He was big for his age, broad shouldered and dark haired, like so many of his distinguished ancestors, preserved in portraits throughout the great hall. Sheldon loved wrapping himself in Clan Moorvale tartan and pretending he was one of them. Sometimes, when he knew no one would notice, he would borrow the very old dirk from the box in the treasury, the one with Moorvale bats carved into the hilt, circling their adversary. He would slash at the air and imagine himself a warrior, fighting in the ancient battles that had won his people the Southern Uplands, back when the bricks of Hawk Hill were still smooth and new. It was not fun to play all alone for very long, however, and it wasn’t as though his mother or father would play with him. The things that meant so much to the adults meant little to young Sheldon. What does a child care for words like marquis or adultress or debt, after all? The dogs did not say such words. They were very good friends. It had been snowing for some time in Moorvale. It had started days ago, a steady drift of snowflakes that coated the ancient bricks of Hawk Hill with a crust of shimmering white.

Sheldon liked to watch the dogs play in the fresh snowfall. It made him laugh at the way they jumped and rolled in the powder, as though discovering all of life for the first time, every time. If he could just have the dogs instead of parents, that would be very good. He sighed, looking down at his hands, which were clasped around a bit of wrought iron, twisted into the shape of a star. He had not meant to break the new carriage. He was only admiring the decorative embellishments that led up to the driver’s bench. Da had given him a swat on the back of the head when the star had broken off, but he had mumbled about shoddy craftsmanship too, which meant Sheldon was not the only one in trouble. Still, he knew his father had been embarrassed in front of his guests, with his new prize failing upon its first presentation, and he could not help but feel he had shamed him in some way. He felt unwieldy and awkward, always breaking things on accident and misjudging his own strength. His governess sometimes teased that he had never been a little boy.

“There you are,” came a voice, booming and exasperated, as the doors to the stables flapped closed behind the man who had entered, his father’s driver and stable-master, Graham. “You’d best come back to the manor, Master Sheldon. Your da thought you’d run off!” “In the snow?” Sheldon replied, all too aware of his own petulance. “Where would I go?” Graham frowned at him, his bushy eyebrows drawing together in a flat line over his eyes. “He will be none too pleased if you go to dinner smelling of dog.” “I am not hungry,” Sheldon muttered, averting his eyes. It was a lie. He was always hungry. Yet another embarrassment in the long litany of adolescent indignities. “There’s another lad here,” Graham said, knowing this would draw Sheldon’s attention.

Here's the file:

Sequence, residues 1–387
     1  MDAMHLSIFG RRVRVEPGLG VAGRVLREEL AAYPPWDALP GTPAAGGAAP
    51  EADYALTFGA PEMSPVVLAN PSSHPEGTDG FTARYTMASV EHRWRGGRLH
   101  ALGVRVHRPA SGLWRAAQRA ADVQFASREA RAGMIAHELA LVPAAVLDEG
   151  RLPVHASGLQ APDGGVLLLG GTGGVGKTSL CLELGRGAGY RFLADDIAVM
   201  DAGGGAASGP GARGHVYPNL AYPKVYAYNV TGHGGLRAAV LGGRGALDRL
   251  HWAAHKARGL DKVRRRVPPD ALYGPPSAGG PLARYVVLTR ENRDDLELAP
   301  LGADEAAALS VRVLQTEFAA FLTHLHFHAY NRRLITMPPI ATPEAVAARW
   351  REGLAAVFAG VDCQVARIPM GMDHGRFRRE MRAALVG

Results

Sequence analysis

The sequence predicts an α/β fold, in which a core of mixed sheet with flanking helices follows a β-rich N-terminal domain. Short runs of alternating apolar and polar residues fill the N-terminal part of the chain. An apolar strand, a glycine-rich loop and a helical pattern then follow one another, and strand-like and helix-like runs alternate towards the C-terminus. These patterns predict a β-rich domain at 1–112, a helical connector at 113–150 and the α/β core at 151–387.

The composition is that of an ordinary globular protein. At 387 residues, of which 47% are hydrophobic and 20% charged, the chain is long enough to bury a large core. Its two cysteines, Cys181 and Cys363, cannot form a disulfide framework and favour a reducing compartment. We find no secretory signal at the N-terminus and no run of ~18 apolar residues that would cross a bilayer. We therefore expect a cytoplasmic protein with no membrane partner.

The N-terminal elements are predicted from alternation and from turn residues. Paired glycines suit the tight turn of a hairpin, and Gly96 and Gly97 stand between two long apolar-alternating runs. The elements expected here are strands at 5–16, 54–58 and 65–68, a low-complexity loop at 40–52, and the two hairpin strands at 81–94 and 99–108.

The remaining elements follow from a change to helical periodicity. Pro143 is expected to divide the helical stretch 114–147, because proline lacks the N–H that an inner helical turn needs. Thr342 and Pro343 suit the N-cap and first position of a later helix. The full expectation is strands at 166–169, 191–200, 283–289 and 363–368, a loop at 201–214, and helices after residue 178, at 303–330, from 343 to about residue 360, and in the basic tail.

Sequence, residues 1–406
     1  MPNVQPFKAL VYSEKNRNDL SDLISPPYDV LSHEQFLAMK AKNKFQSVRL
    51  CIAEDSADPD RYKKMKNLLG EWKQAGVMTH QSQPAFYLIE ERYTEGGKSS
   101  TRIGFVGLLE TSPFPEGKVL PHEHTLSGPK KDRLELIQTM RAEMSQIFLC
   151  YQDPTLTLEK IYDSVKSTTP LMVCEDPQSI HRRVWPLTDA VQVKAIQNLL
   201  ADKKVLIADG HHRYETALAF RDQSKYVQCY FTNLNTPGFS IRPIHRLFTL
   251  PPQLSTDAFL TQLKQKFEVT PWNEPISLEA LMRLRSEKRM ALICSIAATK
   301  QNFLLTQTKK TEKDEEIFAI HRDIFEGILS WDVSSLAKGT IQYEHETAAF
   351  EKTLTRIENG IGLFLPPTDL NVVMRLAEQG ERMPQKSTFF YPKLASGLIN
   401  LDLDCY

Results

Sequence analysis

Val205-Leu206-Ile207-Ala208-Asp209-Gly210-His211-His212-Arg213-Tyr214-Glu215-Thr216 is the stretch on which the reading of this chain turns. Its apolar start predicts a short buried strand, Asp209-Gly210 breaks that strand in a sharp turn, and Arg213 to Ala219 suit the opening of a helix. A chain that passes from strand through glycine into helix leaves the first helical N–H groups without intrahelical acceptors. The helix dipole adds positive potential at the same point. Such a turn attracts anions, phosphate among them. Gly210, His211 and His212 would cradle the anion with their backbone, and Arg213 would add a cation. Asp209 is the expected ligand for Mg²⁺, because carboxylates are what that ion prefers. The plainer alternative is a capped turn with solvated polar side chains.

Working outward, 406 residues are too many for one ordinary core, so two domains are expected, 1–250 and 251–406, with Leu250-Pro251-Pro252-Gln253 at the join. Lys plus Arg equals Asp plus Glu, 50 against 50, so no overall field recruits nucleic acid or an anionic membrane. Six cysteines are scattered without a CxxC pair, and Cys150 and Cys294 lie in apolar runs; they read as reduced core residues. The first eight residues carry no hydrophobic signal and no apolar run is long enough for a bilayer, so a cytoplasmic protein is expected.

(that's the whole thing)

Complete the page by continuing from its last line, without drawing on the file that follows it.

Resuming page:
“Looks to be of an age to you. Son of a viscount, I believe.” Sheldon pressed his lips together, gripping the iron star in his hands tightly enough to hurt. “Is that true?” he asked cautiously. “Mm, yes.” Graham nodded. “Lives nearby too, he does. It was meant to be a surprise.” “What surprise?” Graham sighed, shaking his head. “Only a fool boy spoils his own surprise,” he chided.

“If you must know, they’ve come to invite you to spend Yuletide at their estate in Yorkshire. Lord knows there isn’t much festivity here these days, at least not suitable for a young lad.” Sheldon was silent, stunned by this sudden flash of luck. Christmas with other children? A visit to a new manor, where it was not always cold and somber? It was almost too much to consider, too risky to hope. Of course, at that age, one cannot help but hope when the occasion calls for it. He scrambled to his feet, shoving the iron star in his pocket, and gave each of the hounds a quick pat on the head in thanks for their company. He hoped that he did not smell too strongly, though he thought dogs were quite a nice smell, all things considered. Nicer than the horses, in any event. Graham put his big hand on Sheldon’s shoulder. He was a brusque man, but Sheldon thought him a quiet kind of comfort, and was happy to follow him out of the stables and back up the path to the old castle.

In the hours to come, Sheldon would hold his breath as he approached this other boy, a somber-faced lad with auburn hair and rigid posture. He decided that he would do whatever it took to ensure that they became friends, for he had never had a friend before, and was not of a mind that he could waste the opportunity. For the rest of his life, Sheldon Bywater would remember that December first, and the jolly holiday season that followed in the company of his new best friend. Was it magic in the air that had brought him this good fortune? Had the iron star been a lucky omen? It did not matter, he thought, so long as he was grateful for the gift he had been bestowed on the most magical day of the year.